Time and Trade: A Portrait of Cheetham Hill’s Business Community, by the photographer Rebecca Lupton, is a collection of portraits and interviews of the traders that make up the daily life of Cheetham Hill Road and its District Centre.
The project was commissioned by Buddleia (https://buddleia.co.uk), to create a snapshot of the different businesses and personalities of this famous shopping district. The interviews are very much the personal opinions of the interviewees and provide an insight of their experiences and perceptions of the area they have got to know so well.
Cheetham Hill has been a well-used shopping district from the time of the Industrial Revolution and has serviced the city’s many waves of immigration. Over the years this has included the Irish fleeing the Great Famine in 19th Century, Jewish communities fleeing Europe in the 19th and 20th Centuries, to more modern immigration movements from Africa, the Caribbean, Indian Subcontinent and Europe during the 20th Century to the present day. Today Cheetham Hill Road, is seen as one of the most culturally diverse streets in the whole country, supporting many communities with their culturally specific businesses, foods and ingredients, not easily found elsewhere in the city.
The businesses and business people represented in this collection, only show a fraction of the types of businesses that support these many different communities, some over many years. The area has seen many changes in its time, not just through the people and the communities that have arrived, shifted and moved, but economic and physical changes. It’s hard for businesses to weather so much change, but some, as represented here, have shown a loyalty to their customers and a fortitude to survive.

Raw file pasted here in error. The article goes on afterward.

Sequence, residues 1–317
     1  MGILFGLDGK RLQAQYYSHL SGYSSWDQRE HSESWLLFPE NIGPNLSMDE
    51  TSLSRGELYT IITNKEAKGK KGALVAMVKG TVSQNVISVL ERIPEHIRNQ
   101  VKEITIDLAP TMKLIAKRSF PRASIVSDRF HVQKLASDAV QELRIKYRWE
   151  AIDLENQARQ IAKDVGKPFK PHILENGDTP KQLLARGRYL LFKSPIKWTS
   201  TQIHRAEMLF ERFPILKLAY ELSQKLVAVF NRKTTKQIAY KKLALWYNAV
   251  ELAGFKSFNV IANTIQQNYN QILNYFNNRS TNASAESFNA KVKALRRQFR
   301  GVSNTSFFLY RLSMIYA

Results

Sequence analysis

This commission has been part of the programme of work delivered by Buddleia, for Unit 25, a six month pop up shop initiative based within an empty shop unit in Cheetham Hill Shopping Centre. Funded through the High Street Innovation Fund and supported by Manchester City Council North Manchester Regeneration Team, the project was inspired by the Mary Portas Review to reactivate and reconnect communities to the their high streets. Unit 25, has been a flexible space for communities to use to promote their ideas, launch initiatives and share information. During its six months, Unit 25 has been used by over 20 organisations, providing an opportunity to connect directly with communities from a high street location.
Text by Kerenza McClarnan, Director, Buddleia.
To read the accompanying interviews please go to The Newspaper Club...